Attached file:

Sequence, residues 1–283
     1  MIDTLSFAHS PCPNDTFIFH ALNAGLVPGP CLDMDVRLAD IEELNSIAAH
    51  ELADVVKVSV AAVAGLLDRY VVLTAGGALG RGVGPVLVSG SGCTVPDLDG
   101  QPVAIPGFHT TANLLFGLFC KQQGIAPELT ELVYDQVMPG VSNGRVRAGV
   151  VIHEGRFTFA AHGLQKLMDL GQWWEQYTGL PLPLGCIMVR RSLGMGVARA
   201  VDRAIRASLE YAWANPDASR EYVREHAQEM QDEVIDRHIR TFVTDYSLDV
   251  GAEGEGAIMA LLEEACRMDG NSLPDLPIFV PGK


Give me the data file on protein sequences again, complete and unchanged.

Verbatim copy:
Sequence, residues 1–283
     1  MIDTLSFAHS PCPNDTFIFH ALNAGLVPGP CLDMDVRLAD IEELNSIAAH
    51  ELADVVKVSV AAVAGLLDRY VVLTAGGALG RGVGPVLVSG SGCTVPDLDG
   101  QPVAIPGFHT TANLLFGLFC KQQGIAPELT ELVYDQVMPG VSNGRVRAGV
   151  VIHEGRFTFA AHGLQKLMDL GQWWEQYTGL PLPLGCIMVR RSLGMGVARA
   201  VDRAIRASLE YAWANPDASR EYVREHAQEM QDEVIDRHIR TFVTDYSLDV
   251  GAEGEGAIMA LLEEACRMDG NSLPDLPIFV PGK